15. October 2020

Watching life through the eyes of a young person in care

A Curious Monkey film project using VR technology has proved to give a moving account of what it is like to be a young person in the care system. Three new films are now being made to train staff working with young people.

Even with the best of intentions, it is not always easy to imagine what it is like to be in someone else’s shoes. To be misunderstood, undermined or lonely. The theatre company Curious Monkey’s 360 film brings that reality a little closer for the viewer.

The theatre company’s Troupe project, for young people in care homes and care leavers, are involved in the production of the films, helping to make the deeply personal content feel accessible and real.

In 2018, with the support of Kavli Trust, Curious Monkey used VR technology to make the impactful 360 film. Wearing a VR headset the viewer is transported into the shoes of a young person in care, being taken on a journey through the different experiences young people face when living in the care system.

The films have been presented at conferences and events including Derby Theatre Culture Cares conference, Barnardo’s Scotland Positive Journeys Conference, and Our City Our Story at Live Theatre. The response to the films has been hugely positive.

“The most powerful thing I’ve done in two years in this job. Awe inspiring”, said Kirsten Hogg, Head of Policy at Barnardo’s, after watching the film.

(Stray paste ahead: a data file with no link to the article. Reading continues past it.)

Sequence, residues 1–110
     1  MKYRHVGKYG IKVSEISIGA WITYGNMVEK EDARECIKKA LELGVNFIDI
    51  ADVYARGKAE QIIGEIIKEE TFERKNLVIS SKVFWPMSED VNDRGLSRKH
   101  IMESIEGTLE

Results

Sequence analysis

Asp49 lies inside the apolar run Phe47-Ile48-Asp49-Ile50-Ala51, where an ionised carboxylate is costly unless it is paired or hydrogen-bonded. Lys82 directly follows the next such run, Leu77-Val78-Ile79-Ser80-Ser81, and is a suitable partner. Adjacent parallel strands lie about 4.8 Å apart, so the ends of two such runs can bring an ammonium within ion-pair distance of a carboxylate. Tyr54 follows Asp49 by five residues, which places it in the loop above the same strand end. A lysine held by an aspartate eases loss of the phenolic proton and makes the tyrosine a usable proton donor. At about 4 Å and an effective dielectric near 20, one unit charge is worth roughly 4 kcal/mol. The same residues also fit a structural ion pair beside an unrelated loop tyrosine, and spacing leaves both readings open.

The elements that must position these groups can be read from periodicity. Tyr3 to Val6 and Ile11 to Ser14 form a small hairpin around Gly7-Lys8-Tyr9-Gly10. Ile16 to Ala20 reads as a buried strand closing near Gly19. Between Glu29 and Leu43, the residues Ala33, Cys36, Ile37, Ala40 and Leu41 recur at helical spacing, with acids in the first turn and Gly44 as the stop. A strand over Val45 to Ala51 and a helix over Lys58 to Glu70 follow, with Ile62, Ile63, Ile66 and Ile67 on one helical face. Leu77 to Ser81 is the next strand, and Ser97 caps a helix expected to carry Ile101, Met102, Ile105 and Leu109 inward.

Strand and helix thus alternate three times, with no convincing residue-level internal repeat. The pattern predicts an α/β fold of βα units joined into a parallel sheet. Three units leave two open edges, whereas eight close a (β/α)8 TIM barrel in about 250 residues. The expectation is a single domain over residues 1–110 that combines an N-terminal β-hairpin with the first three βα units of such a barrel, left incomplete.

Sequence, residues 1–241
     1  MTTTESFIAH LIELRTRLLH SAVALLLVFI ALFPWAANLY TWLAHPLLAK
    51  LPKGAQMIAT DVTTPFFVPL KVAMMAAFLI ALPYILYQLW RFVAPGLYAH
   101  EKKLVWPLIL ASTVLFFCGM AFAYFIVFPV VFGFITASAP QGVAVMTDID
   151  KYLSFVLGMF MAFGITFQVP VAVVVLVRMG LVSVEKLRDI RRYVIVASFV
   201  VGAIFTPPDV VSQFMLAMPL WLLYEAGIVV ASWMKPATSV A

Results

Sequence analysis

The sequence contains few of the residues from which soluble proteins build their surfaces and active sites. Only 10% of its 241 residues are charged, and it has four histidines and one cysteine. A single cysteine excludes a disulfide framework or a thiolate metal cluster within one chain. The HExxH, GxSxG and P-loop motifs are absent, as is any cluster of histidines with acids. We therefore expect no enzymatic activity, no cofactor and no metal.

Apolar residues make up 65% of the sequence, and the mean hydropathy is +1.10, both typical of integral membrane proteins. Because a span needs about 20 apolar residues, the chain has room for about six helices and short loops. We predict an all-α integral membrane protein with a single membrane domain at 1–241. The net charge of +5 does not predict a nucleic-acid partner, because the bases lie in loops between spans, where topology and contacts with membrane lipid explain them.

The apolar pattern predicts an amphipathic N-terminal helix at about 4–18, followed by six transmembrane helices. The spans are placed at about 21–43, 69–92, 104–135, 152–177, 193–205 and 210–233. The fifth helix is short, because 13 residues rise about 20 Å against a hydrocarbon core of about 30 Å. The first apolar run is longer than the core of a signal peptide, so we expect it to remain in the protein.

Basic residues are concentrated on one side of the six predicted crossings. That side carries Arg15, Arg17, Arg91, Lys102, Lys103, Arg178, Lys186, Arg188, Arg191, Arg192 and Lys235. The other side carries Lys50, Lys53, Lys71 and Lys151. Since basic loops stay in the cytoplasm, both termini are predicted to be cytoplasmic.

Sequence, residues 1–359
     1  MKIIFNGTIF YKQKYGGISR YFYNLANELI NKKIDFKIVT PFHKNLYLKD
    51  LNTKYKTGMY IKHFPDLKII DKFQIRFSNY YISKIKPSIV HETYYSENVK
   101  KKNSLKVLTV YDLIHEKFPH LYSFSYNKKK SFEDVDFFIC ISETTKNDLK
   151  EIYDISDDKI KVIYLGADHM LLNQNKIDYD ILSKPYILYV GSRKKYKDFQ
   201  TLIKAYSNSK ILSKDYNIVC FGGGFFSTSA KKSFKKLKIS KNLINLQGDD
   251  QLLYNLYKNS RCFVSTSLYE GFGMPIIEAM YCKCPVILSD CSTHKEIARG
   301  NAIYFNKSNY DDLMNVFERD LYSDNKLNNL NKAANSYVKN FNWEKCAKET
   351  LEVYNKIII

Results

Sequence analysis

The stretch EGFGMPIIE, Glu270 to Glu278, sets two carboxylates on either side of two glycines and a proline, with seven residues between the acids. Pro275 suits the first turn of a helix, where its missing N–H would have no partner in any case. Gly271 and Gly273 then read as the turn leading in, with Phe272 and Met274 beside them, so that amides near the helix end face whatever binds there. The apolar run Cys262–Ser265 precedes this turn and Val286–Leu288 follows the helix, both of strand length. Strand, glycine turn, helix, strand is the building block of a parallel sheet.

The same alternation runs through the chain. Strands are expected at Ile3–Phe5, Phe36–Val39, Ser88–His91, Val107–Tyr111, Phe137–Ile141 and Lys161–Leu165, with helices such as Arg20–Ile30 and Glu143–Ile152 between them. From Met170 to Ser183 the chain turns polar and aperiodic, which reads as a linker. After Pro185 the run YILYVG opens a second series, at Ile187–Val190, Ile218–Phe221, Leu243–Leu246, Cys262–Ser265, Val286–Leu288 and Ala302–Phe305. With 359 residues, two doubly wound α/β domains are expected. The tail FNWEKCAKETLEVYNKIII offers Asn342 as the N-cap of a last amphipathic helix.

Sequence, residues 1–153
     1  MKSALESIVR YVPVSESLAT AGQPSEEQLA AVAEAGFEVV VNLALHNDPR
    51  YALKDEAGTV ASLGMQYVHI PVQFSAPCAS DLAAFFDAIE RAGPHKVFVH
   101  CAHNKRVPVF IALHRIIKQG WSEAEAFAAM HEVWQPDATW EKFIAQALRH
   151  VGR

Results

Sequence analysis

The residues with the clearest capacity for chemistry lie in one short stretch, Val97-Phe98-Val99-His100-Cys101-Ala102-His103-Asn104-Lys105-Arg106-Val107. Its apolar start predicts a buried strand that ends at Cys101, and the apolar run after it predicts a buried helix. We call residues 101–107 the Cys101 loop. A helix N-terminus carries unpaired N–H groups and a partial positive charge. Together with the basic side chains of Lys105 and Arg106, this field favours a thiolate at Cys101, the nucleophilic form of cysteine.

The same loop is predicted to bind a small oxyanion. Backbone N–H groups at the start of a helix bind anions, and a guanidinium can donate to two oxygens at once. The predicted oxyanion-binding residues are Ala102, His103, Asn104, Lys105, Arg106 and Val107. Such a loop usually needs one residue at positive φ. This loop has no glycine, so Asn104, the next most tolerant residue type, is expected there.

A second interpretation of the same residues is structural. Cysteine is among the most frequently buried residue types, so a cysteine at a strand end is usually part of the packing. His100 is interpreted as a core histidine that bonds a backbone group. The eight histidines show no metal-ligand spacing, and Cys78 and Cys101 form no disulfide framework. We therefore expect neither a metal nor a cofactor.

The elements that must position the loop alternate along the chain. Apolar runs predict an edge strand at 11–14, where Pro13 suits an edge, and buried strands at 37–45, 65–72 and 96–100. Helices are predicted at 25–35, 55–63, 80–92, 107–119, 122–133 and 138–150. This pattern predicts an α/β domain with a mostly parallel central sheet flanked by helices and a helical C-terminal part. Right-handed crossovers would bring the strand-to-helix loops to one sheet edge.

An attendee at the Curious Monkey event Care about Care? during Care Leavers Week in October, said:
“This video should be compulsory viewing for all social workers and trainee social workers.”

New funding from Kavli Trust means this may become a reality. Curious Monkey is now working on three new 360 films, which will be shorter and more suitable for use in training settings for those working with young people, as well as other events. The films will be made available online.

“In order to create long lasting change through the films, we will work with young people and professionals in the care system to identify the most important issues to be explored in the films” says Amy Golding, artistic director at Curious Monkey.

She adds that they will also work closely with an evaluator from the consultation stage to develop a robust impact assessment for the project.

“Young people will be integral to the process of making the films from the start, sharing their voices and supporting their learning through shadowing and creative input”, Golding says.

Young people from Troupe will also be trained as facilitators and will deliver the training workshops to professionals alongside Curious Monkey staff.

Gillian Firth, Amy Golding, Orion and Jenny Dewar in Curious Monkey during Kavli Trust’s visit in January 2020. Photo: Hanne Eide Andersen/Kavli Trust